Eric Hobsbawm

posted Mar 26, 2010, 4:07 AM by Dick Pountain   [ updated Apr 8, 2010, 6:43 AM ]

[delivered by Sally Davison of Lawrence & Wishart ]:             

" I must ask you all to excuse my absence from this great occasion.  After my spell in hospital I had hoped to be sufficiently recovered to come, but it turns out I haven't returned quite yet and so I can't be here in person.  So I can only write a few lines to honour the publication of this great book by a remarkable historian about a unique figure in British twentieth century history, in the story of our labour movement and, not least, in the history of Wales.

I needn't say anything about Arthur Horner. You can find it all in Nina's two monumental volumes.  They bring out the extraordinary personal achievement of  a man who is too rarely recognized as what I believe him to be, namely the most impressive union leader of the first half of the last century. I say 'personal', because it was achieved both against the political handicap of membership of the Communist Party and, within his own party, particularly in the years 1928-33, against considerable criticism and opposition.  They bring out the sheer scale and historic significance of Horner's leadership during world war II and as the architect of the nationalisation of the mines and a National Mineworkers Union. To have written this book is important, because for most people who don't draw an old age pension, all this is a story of the dead past, a past killed by Mrs Thatcher in 1984-5. It is the job of historians not only to remind people of what they have forgotten and wish to forget, but to show why they also should remember. That is what Nina has done in  these two volumes.

She had worked on it for many years. Fortunately, she managed to complete it before her tragic illness and death.  I read it in manuscript and, luckily, managed to let her see in time, the preface she had asked me to write for it. Arthur Horner, A Political Biography will be her monument as well as Arthur's. It has all the characteristics of Nina Fishman as a historian, including the lengthy time of gestation.  As a technical piece of research it is outstanding in its combination of archival and printed  sources with interviews; in its consistent refusal to accept conventional views and its skill in finding her ways through the   jungle union politics . It is not an obvious page-turner  ,though written with great clarity, but it will have to be read and consulted by anyone who takes a serious interest in the history of  20th century Britain and its labour movement and it is by far the finest - one might almost say the only really adequate - biography of a British union leader of the last century. In every respect it is an imposing piece of historical writing.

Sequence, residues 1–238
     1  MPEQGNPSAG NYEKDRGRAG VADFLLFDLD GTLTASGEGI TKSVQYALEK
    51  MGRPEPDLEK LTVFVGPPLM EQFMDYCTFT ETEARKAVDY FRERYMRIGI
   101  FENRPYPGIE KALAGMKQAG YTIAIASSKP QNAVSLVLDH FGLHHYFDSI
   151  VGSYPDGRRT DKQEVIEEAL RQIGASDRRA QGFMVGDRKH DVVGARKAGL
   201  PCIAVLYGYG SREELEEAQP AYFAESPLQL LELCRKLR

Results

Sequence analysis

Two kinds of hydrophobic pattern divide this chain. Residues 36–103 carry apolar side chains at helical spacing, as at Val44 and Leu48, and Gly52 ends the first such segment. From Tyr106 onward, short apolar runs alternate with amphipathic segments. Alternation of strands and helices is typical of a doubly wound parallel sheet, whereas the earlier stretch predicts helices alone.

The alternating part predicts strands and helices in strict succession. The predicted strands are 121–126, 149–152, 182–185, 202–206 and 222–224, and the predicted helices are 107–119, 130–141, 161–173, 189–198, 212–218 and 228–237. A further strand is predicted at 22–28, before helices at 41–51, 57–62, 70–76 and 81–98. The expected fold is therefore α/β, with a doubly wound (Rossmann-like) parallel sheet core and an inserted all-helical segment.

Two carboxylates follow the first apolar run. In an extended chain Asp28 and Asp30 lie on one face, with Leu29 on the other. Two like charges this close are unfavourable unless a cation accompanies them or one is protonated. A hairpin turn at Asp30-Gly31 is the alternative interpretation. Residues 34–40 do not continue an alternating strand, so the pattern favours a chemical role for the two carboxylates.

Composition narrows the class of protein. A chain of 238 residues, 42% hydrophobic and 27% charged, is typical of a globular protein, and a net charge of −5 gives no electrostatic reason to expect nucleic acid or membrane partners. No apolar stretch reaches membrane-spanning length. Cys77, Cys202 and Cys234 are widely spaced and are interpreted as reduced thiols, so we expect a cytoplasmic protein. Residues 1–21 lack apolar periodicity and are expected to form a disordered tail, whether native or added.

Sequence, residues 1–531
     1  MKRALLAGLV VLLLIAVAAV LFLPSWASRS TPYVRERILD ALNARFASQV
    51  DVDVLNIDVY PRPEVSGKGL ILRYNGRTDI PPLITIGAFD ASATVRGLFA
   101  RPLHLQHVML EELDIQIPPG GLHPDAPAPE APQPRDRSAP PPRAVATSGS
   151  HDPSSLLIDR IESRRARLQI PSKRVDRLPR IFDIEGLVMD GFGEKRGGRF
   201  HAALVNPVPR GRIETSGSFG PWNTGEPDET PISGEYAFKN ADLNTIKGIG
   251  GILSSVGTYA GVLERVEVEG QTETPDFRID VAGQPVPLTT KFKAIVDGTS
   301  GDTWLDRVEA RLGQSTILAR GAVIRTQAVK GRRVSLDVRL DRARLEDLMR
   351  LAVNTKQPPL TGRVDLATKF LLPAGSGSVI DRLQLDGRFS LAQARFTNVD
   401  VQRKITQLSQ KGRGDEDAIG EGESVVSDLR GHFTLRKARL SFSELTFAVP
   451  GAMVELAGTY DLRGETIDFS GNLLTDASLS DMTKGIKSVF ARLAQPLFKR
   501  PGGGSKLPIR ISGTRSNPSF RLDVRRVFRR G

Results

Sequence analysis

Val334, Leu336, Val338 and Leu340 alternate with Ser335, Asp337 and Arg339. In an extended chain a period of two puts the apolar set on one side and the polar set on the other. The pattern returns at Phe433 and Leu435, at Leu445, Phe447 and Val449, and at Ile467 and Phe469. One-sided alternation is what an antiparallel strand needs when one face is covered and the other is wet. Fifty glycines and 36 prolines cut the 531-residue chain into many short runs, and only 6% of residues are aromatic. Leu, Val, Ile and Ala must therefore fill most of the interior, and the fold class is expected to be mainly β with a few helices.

But Nina's strength as a historian was not just research technique. She was, essentially, a historian of communism in the British labour movement, though never, I think, a member of the Party.  It was her ability to perceive, and to understand and sympathise with the predicament of the men and women who joined that international movement as revolutionaries in a country in which revolution was not on the agenda or, after 1926, even look as though it might be, but found themselves engaged, often in leading positions, in an industrial labour movement that was plainly not revolutionary and did not look like becoming so .  Under what historical conditions, how far , and how long long,could this  be justified by what she called  the 'revolutionary pragmatism' of communists like Pollitt, Campbell and Horner? What were its achievements. Were there limits beyond which it could not go?  How did men like Horner react to this predicament?  Nina Fishman's strength as a historian of  communism in Britain was that she did not wait to ask these questions after the movement's fall, but from the start of her career as a historian. Her answers are not universally accepted - she would never have expected them to be - but her contribution,  to the understanding of the history of communism, that  movement  central to 20th century history, is capital. Above all through this magnificent biography of Arthur Horner."

This is he best I can do. Cut what you think unnecessary. Hope it goes well. Wish I could be there,

Eric

 

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